In general, as people spend time at high altitudes, their bodies become acclimatized to the decreased levels of available oxygen. This is why you are instructed to spend several days at high altitude before doing any strenuous activity (such as high mountain climbing). Some athletes will train at high altitudes so that their bodies become more efficient at extracting oxygen, which gives them an advantage in performing strenuous activities during which the body has a high oxygen demand.
What about commercial jets which often fly at altitudes above 30,000 ft? Commercial airplanes are pressurized, i.e., outside air is brought in and compressed in the cabin, raising air density and pressure. The announcement "the cabin has been pressurized to a comfortable altitude" means that the cabin pressure has been adjusted to be the same as the atmospheric pressure at a lower altitude (than the plane is flying). In actual practice, commercial aircraft cabins are pressurized at takeoff and remain pressurized throughout the flight. A cabin typically is pressurized to about 75% of the average sea-level air pressure. Once the airplane has risen to a high altitude, any hole in the cabin results in air rushing out of the plane until the cabin pressure equals the outside pressure. If this occurs, oxygen masks must be used or you will not be able to live.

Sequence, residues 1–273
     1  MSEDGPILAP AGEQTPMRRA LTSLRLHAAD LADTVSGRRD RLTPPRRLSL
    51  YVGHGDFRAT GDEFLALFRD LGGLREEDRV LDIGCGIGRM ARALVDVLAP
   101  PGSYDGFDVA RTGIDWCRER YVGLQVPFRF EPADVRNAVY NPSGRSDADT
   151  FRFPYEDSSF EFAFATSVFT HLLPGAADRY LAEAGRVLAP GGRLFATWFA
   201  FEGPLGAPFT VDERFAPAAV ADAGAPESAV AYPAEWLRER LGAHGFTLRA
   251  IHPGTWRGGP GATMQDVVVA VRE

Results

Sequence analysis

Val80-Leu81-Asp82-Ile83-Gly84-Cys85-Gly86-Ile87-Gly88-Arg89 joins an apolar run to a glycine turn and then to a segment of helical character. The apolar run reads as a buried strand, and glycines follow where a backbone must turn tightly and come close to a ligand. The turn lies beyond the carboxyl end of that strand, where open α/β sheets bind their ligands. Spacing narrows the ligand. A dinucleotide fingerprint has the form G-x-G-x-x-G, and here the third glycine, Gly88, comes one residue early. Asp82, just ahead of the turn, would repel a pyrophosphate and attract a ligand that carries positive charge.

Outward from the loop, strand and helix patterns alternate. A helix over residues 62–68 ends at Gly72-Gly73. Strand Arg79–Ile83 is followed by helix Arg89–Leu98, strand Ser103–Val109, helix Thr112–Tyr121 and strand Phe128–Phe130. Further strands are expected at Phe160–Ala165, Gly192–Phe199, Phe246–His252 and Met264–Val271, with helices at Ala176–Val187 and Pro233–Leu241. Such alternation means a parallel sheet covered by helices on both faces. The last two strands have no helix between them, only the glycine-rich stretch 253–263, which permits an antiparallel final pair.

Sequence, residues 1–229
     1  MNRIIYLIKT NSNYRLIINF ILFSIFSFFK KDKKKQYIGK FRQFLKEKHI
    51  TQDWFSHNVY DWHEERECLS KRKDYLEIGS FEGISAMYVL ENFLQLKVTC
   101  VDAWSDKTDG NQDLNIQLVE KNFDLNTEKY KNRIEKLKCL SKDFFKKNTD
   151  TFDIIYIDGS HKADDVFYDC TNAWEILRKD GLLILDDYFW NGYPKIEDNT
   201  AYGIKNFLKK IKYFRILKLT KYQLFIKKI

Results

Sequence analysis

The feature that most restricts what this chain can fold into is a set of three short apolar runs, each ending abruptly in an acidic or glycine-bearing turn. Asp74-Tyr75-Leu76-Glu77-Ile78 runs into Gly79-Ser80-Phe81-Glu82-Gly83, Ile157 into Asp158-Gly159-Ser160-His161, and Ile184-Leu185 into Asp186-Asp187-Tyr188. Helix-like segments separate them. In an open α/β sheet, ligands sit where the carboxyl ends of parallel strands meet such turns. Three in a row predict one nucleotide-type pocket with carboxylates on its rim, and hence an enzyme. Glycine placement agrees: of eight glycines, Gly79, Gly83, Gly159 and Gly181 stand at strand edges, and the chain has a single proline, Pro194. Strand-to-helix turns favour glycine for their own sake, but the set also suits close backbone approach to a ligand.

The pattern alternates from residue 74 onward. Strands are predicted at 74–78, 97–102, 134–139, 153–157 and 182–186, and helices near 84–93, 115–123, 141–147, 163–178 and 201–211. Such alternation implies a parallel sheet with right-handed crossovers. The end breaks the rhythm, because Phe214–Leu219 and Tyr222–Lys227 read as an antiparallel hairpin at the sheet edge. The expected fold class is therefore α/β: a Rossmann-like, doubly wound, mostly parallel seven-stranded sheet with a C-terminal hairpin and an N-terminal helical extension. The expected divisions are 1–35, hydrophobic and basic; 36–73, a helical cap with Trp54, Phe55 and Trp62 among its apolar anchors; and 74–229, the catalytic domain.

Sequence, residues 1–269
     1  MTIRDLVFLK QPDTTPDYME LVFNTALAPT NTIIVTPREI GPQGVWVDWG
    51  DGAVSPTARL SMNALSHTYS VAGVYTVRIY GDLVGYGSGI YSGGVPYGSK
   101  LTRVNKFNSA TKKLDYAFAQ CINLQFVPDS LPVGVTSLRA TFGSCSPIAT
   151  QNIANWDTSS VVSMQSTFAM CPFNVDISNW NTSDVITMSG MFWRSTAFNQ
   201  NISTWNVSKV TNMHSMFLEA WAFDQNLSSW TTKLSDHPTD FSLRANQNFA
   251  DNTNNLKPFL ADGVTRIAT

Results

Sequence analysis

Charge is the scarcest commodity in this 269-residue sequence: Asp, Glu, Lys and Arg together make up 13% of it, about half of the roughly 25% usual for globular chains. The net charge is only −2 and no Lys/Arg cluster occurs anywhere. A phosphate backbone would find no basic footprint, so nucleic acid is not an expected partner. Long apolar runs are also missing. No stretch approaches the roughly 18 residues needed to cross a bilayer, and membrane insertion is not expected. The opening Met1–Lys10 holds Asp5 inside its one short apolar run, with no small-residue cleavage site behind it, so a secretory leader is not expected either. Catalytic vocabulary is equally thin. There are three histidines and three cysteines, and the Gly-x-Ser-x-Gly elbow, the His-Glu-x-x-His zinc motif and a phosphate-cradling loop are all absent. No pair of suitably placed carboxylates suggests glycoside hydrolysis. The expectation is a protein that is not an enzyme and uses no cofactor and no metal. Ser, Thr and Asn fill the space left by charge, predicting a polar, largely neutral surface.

Although the cabin is pressurized, people commonly feel the effects of changing air pressure in a rapidly ascending or descending aircraft by a popping sensation in their ears. Rapid ascent or descent in an express elevator or on mountain roads often produces the same sensation. Ear popping is symptomatic of a natural response that helps protect the eardrum from damage. The physiological details about ear popping are described below.